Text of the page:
Eating a Boatload of Fish

While Americans don’t eat nearly the amount of seafood per person as many other countries (Japan, looking at you), we still eat a ton of it. In fact we eat millions of tons of it. According to FishWatch, a service of the National Oceanographic and Atmospheric Administration (part of the U.S. Government), here are the 5 most popular creatures Americans eat from the sea:

5) Tilapia – For me, this is a fish that just came out of nowhere about 10 years ago. I just hadn’t heard of it and then suddenly, it was everywhere. I like it as it is a nice mild fish and holds up in cooking.

4) Pollock – I was really surprised at this. I am not sure I cook much pollock and don’t order it in restaurants.

3) Salmon – Love me some salmon. It has some great health benefits to boot. By far, this is the fish I cook with the most.

2) Tuna – The “chicken of the sea”, it is by far the most common canned fish.

1) Shrimp – Americans eat (by weight) almost two times as much shrimp as any other seafood item. For me, that might even be three times.

Roasted Salmon with Tomatillo—Red Onion Salsa

Photo Apr 18, 5 18 21 PM - Featured Size

This recipe really makes a star of the salmon. So much flavor.

Photo Apr 18, 4 20 55 PM

When I am not buying salmon to eat the same day, I love to use these individually wrapped frozen filets.

Photo Apr 18, 4 26 19 PM

Seasoned and ready for the oven.

Photo Apr 18, 5 18 38 PM

The tomatillo salsa is the perfect complement to the naturally creaminess of the salmon and the heat of the spices.

Roasted Salmon with Tomatillo—Red Onion Salsa

prep 3 minutes ∙ cook 20 minutes ∙ makes 4 servings (serving size: 1 fillet, 1/4 cup salsa, and 1 lemon wedge) ∙ difficulty Easy ∙


  • Cooking spray
  • 4 (6-ounce) salmon fillets (1 inch thick)
  • 2 teaspoons ground cumin
  • 1 1/2 teaspoons smoked paprika
  • 1 1/2 teaspoons coarsely ground black pepper
  • 1/4 teaspoon salt
  • Tomatillo—Red Onion Salsa
  • 1 lemon, cut into 4 wedges


1. Preheat oven 350°.

2. Line a baking sheet with foil; coat foil with cooking spray. Arrange fillets on prepared pan.

3. Combine cumin and next 3 ingredients. Rub spice mixture over tops of fillets. Coat fillets with cooking spray.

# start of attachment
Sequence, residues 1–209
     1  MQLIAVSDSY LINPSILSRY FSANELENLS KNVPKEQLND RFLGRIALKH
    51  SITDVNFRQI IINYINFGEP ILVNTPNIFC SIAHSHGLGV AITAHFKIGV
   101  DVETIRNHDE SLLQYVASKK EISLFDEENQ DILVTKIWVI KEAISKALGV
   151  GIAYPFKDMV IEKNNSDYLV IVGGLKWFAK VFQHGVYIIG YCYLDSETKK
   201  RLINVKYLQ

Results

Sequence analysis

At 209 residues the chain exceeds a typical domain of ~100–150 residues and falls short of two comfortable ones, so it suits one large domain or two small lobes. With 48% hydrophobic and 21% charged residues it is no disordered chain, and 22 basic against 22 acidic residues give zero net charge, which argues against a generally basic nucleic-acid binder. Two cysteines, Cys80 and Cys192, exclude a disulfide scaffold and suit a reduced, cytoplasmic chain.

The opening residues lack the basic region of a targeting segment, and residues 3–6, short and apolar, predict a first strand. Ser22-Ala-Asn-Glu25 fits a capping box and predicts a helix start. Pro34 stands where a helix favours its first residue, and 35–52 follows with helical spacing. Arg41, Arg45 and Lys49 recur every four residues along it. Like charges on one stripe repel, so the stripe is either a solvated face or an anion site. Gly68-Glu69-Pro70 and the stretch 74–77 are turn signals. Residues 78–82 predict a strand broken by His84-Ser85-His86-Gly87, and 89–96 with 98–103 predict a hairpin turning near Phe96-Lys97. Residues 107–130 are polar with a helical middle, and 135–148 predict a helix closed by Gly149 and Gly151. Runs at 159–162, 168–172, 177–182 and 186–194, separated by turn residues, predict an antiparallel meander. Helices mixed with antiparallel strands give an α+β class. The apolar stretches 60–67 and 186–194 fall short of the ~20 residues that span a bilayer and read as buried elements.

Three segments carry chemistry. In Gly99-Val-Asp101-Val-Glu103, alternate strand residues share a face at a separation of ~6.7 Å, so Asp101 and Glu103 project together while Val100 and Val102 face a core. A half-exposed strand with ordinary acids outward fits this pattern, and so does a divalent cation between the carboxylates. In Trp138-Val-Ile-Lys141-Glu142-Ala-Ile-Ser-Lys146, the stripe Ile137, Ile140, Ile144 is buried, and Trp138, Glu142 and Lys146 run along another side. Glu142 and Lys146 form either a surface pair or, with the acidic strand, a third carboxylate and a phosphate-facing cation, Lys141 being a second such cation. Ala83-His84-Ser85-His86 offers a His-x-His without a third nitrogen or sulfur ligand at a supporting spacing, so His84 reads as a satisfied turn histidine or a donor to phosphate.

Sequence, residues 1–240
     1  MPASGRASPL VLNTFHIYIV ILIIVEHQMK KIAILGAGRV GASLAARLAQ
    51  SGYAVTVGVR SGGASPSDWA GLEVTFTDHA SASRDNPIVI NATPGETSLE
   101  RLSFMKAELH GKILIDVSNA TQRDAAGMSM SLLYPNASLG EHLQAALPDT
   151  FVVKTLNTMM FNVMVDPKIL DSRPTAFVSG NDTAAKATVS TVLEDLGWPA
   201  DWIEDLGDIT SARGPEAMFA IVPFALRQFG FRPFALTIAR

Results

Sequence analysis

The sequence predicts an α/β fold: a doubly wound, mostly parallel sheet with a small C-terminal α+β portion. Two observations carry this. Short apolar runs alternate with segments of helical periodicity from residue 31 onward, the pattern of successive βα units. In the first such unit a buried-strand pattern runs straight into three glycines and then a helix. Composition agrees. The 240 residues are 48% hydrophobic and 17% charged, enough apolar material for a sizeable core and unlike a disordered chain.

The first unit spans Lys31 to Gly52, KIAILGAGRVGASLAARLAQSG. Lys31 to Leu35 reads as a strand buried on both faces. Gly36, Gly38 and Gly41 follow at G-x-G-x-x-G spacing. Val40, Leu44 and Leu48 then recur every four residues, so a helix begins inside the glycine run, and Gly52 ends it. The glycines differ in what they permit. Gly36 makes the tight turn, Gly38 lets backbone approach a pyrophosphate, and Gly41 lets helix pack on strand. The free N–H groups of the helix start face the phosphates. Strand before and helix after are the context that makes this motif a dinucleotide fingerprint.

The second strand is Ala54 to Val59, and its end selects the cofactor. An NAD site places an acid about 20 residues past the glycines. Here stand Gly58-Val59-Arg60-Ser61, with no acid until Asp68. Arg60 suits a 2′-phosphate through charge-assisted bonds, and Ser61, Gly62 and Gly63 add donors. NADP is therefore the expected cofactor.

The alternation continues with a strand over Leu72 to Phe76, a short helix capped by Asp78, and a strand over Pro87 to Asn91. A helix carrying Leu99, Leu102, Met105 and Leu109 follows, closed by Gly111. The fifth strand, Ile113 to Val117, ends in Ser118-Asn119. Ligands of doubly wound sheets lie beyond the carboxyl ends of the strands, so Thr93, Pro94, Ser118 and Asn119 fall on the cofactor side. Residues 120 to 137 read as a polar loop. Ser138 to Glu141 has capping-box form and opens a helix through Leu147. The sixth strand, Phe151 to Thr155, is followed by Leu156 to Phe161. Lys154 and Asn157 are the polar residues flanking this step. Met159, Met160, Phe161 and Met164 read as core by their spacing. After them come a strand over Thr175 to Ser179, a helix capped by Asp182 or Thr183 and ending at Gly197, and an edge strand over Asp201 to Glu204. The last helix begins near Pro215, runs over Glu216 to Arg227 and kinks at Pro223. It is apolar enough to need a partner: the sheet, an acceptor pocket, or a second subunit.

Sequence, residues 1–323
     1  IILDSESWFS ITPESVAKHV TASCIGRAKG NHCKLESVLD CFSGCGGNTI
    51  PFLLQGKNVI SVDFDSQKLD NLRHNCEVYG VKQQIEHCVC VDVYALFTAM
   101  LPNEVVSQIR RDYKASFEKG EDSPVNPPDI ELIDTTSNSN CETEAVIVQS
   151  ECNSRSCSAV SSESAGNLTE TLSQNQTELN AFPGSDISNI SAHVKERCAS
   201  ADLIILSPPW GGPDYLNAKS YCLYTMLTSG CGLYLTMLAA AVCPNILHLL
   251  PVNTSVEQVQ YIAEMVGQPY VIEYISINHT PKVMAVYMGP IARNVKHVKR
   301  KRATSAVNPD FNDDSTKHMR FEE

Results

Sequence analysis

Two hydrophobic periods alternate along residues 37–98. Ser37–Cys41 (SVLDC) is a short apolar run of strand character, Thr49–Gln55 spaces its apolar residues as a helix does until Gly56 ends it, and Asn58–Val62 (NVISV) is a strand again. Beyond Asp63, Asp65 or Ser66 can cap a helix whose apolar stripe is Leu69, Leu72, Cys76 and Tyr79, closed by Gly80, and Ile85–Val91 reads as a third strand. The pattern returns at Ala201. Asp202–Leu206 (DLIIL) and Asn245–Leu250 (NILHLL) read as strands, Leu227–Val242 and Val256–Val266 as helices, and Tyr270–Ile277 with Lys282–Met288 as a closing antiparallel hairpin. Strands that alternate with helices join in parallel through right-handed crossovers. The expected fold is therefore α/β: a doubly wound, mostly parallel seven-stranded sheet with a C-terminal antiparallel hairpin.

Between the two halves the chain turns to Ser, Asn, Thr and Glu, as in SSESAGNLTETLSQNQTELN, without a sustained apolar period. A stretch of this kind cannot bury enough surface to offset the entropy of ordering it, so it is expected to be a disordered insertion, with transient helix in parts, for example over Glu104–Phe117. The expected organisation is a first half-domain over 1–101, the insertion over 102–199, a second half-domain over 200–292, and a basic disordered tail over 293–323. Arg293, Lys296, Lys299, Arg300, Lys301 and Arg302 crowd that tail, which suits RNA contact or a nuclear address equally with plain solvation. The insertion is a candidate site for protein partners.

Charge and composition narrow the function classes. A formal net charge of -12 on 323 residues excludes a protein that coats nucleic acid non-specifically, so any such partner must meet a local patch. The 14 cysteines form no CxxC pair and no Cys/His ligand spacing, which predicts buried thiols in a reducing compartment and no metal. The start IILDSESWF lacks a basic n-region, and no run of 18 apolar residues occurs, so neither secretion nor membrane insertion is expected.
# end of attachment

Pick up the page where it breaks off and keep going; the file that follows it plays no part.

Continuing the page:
4. Bake at 350° for 20 minutes or until desired degree of doneness. Place 1 fillet on each of 4 individual plates. Spoon Tomatillo–Red Onion Salsa evenly over fillets. Serve with lemon wedges.

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Categories: kosher, Low Carb, Main Dish 3, Mexican, Recipes, Seafood, Vegetable4

Author:The Ranting Chef

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4 Comments on “Eating a Boatload of Fish”

  1. February 17, 2015 at 11:07 am #

    Fish is probably my favorite thing to eat! I will have to try this recipe!


  2. February 17, 2015 at 11:34 am #

    While this dish sounds delicious I must voice a direct concern. While people eat salmon without nary a thought one must use discretion and try and eat only wild caught salmon. While ‘farmed salmon’or ‘ Atlantic Salmon’ inundate our market and is undoubtedly cheaper and more abundant it is at the direct cost of our wild salmon stocks. If Americans would only investigate the source of their fish they would find that open pen farming of salmon they would find that this fish is full of antibiotics, growth enhancers and food coloring and provides not nearly as much healthy omega 3 fats as wild caught. These fish pens sit clustered around the openings of many streams that wild fish must use to spawn and the fry must run a gauntlet through lice infested waters to reach the open ocean. These fish farms will evenutally no doubt wipe out natural wild runs of salmon in the coming years if consumers don’t take action and only support wild caught fish. REMEMBER this, all atlantic salmon is farmed salmon, there is no wild fishery for atlantic salmon any where in the world. By rejecting purchase of this type of salmon you are supporting the wild stocks……the salmon and your heart will thank you for it.


  3. February 17, 2015 at 12:15 pm #

    Reblogged this on cookwithsingh and commented:
    Seafood is a staple in this part of the world – plenty of sea around – and its delicious!


  4. February 17, 2015 at 2:30 pm #

    In the UK, pollock is used as a sustainable alternative to cod in things like fish and chips… I wonder if something similar is now happening in the US for things like fish sticks.


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